YEREVAN, Armenia – Prime Minister Serzh Sargsyan resigned Monday, giving in to protesters who claimed he was trying to rule for life. As a president nearing his term limit, Sargsyan shifted the country to a system in which the prime minister is more powerful than the president, and a week ago he took the new top job. Here’s how the crisis unfolded:
—April 9: President Armen Sarkisian is sworn in as Armenia prepares to transition to a system where the president has far less power. Acting Prime Minister Karen Karapetian announces Sargsyan will succeed him.
—April 13: Thousands of demonstrators crowd France Square in the capital of Yerevan to protest the change of government, vowing to remain around the clock.
—April 14: Protesters led by opposition lawmaker Nikol Pashinian break into the headquarters of Armenia’s public radio, but fail to get on air and retreat.
—April 16: Thousands of protesters begin to march toward parliament, and police use tear gas and stun grenades to hold them back. Health officials say 46 people are injured, including six police officers and protest leader Pashinian.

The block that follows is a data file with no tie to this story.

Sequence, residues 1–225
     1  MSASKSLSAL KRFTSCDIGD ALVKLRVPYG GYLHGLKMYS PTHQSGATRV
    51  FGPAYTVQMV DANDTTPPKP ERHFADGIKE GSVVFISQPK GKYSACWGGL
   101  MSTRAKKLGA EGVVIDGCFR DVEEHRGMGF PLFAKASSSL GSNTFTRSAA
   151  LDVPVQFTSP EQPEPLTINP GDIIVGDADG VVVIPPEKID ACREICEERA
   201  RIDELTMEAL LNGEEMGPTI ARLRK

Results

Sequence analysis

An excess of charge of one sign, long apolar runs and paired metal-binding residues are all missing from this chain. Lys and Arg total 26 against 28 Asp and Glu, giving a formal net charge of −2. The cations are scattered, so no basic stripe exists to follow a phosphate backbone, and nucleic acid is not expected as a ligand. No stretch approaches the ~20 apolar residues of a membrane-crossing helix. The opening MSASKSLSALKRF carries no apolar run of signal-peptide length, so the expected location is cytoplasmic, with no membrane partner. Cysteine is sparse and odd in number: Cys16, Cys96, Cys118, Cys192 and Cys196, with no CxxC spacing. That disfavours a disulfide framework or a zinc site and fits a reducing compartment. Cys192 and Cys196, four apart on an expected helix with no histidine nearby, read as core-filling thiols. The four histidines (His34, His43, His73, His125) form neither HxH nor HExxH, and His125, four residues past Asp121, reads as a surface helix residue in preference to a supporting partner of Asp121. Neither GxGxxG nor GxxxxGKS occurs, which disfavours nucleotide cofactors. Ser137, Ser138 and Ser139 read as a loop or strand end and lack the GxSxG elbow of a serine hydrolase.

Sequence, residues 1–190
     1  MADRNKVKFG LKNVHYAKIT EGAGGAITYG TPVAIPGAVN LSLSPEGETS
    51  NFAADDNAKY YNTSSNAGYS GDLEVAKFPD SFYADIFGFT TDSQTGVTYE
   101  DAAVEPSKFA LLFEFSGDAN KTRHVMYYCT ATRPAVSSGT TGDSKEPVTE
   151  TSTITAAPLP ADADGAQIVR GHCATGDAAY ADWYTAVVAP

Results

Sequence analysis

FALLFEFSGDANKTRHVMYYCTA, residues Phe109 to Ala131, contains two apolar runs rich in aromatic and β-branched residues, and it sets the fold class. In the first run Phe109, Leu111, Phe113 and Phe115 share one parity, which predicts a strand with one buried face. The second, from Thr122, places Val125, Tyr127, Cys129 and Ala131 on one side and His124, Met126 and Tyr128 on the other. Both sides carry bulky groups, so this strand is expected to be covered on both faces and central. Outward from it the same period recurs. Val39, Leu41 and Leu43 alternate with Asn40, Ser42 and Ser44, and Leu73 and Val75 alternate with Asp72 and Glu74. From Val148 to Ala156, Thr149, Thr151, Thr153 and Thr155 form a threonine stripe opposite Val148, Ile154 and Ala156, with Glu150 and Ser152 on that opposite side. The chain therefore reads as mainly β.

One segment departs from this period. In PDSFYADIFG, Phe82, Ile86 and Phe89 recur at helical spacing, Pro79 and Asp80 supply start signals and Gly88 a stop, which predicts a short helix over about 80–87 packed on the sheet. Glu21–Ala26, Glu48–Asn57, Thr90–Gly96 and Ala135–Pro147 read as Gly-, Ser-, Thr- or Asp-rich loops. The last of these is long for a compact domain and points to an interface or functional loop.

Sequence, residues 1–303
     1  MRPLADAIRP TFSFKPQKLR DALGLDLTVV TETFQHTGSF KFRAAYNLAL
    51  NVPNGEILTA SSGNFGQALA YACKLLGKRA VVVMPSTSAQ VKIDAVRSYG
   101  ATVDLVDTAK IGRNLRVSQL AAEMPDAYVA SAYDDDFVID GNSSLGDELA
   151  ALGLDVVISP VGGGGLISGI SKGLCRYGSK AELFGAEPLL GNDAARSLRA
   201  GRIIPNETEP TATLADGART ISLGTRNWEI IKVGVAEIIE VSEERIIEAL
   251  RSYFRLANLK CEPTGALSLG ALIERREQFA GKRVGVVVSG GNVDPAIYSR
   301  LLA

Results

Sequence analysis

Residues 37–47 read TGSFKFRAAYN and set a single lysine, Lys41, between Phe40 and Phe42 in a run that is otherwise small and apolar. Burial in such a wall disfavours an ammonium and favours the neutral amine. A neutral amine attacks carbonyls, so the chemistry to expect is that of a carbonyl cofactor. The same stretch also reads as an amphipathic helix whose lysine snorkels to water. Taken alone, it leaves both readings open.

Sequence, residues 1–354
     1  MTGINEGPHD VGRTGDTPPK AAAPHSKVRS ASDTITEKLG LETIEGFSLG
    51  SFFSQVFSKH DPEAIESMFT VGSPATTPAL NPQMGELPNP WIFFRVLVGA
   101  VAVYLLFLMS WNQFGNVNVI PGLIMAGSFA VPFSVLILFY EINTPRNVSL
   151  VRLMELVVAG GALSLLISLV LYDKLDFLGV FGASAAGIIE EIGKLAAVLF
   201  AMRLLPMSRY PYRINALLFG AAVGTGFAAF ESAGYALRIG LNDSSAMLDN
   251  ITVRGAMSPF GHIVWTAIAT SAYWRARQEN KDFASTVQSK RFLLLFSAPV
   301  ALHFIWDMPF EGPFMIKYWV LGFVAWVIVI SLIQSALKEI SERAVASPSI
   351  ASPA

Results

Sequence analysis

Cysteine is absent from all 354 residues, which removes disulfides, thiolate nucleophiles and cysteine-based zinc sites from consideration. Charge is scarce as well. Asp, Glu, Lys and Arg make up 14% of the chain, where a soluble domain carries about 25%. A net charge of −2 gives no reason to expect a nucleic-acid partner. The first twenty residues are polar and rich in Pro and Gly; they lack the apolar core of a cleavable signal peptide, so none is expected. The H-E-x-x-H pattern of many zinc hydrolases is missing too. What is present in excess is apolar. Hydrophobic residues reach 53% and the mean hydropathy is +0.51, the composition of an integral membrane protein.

—April 17: Lawmakers confirm Sargsyan as prime minister and he moves into the job. About 40,000 people demonstrate in Yerevan and Pashinian declares a “velvet revolution.”
—April 18: Smaller protests spread to a few other Armenian cities.
—April 20: About 40,000 people demonstrate in Yerevan, blocking the defense minister’s car before police forcefully clear the way.
—April 21: Some 50,000 demonstrators block streets in Yerevan, as authorities announce more than 70 people have been arrested. New President Sarkisian comes to the square to speak privately with Pashinian.
—April 22: Pashinian meets with Sargsyan for brief televised talks, but the prime minister walks out after Pashinian says he will only discuss Sargsyan’s resignation. Pashinian is arrested later in the day. Demonstrators and police clash again, and 232 are reported to have been arrested.
—April 23: Sargsyan resigns unexpectedly. Pashinian is released from custody.